1940.7.92

Artificial beard of plant fibre strands tied onto a plant fibre string. [MJD DDF Body Arts Project 2010/2011 17/09/2010]

Place details: AFRICA. Angola. Southern Angola near Namacunde. Cultural Group: Kwanyama Local Name: Unknown. Materials: Plant Fibre / ?. Processes: Tied / Twisted / ?. Dimensions: Max L = 145 mm When Collected: 1936 - 1937 Acquired: Donated July 1940 Other Numbers: 37.2253

KEYWORD: Head Ornament / ?Wig / CLASS: Ornament / Marriage / ?Clothing Headgear / ?.

Publications history, trails & websites: Featured in Out in Oxford: An LGBTQ+ Trail of the University of Oxford's Collections. Part of 'Celebrating Diversity' a project funded by Arts Council England via the Oxford University Museums Partnership and created with the LGBTQ+ community. [NC 16/02/2017]

See booklet Out in Oxford: An : An LGBTQ+ Trail of the University of Oxford's Collections (published by University of Oxford) [in RDF]: Traditionally Kwanyama girls of marriageable age go through a five day initiation ceremony called the efundula. Towards the end of the ceremony the girls wear false beards and eyebrows to become ‘bridal boys’ who spend around 25 days living freely in the bush ‘as men’. During this period the girls assume ‘male’ gender attributes which are complemented by the ‘female’ behaviour of the men or future husbands. The false beard and eyebrows are part of the gender shifting of this ritual, with the girls’ dances mimicking the men, and the girls being well-armed and permitted to beat their future husbands. Any resulting pregnancies from this time are considered legitimate and result in marriage. The false beard is part of the elaborate costume that marks the culmination of her wanderings, the return to the village and the start of a new life in her husband’s home (by AKE). [NC 16/02/2017]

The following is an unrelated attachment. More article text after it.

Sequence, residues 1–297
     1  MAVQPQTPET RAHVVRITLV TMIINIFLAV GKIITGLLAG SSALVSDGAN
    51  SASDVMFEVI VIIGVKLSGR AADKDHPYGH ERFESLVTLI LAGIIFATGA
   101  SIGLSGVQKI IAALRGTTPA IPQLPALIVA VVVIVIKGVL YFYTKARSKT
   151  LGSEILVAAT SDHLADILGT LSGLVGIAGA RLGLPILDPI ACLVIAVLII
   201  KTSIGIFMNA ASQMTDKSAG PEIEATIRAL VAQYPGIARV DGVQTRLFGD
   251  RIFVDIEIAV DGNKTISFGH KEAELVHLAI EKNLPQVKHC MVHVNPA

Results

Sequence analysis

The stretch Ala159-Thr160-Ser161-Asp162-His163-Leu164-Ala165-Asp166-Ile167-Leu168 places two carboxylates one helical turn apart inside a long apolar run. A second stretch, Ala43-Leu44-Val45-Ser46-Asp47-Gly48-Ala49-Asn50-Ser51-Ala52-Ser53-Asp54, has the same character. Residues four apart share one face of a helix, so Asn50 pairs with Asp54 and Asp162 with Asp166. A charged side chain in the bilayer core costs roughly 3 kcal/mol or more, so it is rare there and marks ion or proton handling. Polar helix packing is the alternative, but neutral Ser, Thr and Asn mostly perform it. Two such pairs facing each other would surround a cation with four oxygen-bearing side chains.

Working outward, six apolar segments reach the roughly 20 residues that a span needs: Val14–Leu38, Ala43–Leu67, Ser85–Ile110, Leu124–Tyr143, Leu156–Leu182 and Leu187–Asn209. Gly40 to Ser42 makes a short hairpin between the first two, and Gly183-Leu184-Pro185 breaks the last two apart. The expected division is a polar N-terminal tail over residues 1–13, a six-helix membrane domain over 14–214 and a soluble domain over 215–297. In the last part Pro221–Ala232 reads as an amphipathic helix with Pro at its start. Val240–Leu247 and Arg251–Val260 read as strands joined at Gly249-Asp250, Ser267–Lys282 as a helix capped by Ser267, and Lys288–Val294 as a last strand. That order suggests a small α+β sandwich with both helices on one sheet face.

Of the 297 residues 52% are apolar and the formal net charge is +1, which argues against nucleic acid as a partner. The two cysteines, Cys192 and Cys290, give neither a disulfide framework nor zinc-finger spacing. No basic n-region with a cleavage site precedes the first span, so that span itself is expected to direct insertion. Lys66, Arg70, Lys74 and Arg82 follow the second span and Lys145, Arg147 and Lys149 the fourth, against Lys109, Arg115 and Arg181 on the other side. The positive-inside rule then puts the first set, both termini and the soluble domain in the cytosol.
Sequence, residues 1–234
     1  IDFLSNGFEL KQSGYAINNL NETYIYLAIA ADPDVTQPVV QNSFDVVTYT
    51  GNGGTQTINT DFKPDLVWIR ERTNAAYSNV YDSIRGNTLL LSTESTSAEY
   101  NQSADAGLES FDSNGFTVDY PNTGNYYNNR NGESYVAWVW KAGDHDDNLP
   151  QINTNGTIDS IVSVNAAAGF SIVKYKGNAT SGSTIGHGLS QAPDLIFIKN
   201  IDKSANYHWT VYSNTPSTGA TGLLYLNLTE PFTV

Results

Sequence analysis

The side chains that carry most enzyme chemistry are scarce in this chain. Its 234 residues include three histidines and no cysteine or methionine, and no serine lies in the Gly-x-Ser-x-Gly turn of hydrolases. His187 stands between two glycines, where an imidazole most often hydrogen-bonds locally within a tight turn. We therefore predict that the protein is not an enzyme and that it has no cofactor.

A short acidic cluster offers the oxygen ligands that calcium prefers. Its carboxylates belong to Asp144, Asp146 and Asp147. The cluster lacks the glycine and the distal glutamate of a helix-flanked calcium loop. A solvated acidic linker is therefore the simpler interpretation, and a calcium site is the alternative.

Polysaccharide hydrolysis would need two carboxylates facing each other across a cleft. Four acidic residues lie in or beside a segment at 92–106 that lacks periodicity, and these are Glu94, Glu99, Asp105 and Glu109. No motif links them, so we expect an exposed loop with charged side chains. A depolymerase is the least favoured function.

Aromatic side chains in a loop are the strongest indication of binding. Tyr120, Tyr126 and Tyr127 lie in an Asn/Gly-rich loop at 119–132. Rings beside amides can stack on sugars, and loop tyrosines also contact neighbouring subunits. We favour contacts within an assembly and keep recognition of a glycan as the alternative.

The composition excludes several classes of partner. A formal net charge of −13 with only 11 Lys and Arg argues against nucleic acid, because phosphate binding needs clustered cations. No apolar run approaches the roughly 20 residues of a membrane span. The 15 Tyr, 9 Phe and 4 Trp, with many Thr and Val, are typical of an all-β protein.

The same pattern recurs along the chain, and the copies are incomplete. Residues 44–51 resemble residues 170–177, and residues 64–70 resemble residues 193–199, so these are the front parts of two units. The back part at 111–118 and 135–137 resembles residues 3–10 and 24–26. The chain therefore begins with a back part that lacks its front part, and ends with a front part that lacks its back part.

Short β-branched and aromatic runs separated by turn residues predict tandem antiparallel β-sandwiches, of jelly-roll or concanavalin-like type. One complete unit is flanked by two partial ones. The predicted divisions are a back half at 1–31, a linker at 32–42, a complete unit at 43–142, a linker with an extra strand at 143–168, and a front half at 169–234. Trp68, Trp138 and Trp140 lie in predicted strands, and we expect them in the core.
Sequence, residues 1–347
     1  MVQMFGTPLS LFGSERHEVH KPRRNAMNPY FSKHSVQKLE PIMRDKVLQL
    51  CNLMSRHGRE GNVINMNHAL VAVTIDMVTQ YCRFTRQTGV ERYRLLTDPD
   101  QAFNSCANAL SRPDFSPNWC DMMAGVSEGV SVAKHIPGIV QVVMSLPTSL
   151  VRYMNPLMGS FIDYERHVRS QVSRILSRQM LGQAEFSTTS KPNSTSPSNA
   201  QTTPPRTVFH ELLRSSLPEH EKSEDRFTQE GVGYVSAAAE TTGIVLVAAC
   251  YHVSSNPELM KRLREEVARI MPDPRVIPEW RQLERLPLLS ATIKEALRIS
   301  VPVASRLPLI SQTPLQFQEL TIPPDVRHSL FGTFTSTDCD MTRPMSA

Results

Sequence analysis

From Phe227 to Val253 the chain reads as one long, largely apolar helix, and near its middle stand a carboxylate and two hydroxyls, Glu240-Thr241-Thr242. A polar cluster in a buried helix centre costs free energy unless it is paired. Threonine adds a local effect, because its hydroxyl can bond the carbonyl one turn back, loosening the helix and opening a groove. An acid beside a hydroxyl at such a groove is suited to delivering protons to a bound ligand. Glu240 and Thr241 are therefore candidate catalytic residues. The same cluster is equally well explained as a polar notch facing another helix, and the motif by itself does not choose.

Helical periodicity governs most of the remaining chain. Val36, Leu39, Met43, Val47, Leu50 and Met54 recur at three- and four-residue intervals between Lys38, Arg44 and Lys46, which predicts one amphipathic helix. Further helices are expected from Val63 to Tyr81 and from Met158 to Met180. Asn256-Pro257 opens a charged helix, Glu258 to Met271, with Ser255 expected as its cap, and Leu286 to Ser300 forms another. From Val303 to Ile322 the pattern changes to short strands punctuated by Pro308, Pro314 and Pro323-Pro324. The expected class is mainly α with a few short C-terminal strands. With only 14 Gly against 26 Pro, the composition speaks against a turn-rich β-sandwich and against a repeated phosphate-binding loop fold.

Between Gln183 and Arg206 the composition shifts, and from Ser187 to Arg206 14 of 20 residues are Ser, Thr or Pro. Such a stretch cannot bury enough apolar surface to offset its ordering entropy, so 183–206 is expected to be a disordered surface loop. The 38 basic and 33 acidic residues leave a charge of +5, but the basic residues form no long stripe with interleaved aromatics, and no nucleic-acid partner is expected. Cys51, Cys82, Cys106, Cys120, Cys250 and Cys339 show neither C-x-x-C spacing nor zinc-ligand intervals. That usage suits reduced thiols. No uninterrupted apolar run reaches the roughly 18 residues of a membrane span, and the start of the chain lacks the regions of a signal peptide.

See webpage [printout in RDF]: http://www.glam.ox.ac.uk/outinoxford-prm : False facial hair, such as this false beard, is traditionally worn by newly-wed brides in Angola. The Kwanyama people practise this tradition for young women around the time of their marriage. An initiation ceremony is held for the girls in the community called an efundula. After this ceremony, it is possible for the girls to get married. Once the marriage ceremony is over, a girl may not immediately go back to the home of her new husband. Instead, she may go into the wilderness and live there, freely, ‘as a man’. She may do this for about a month. Whilst there, she wears false facial hair, as part of the image of the ‘bridal boy’. This marriage ritual of adopting male characteristics is a traditional rite of passage, and marks the period of transition between girlhood and married life (by Rebecca Wood). [NC 17/02/2017]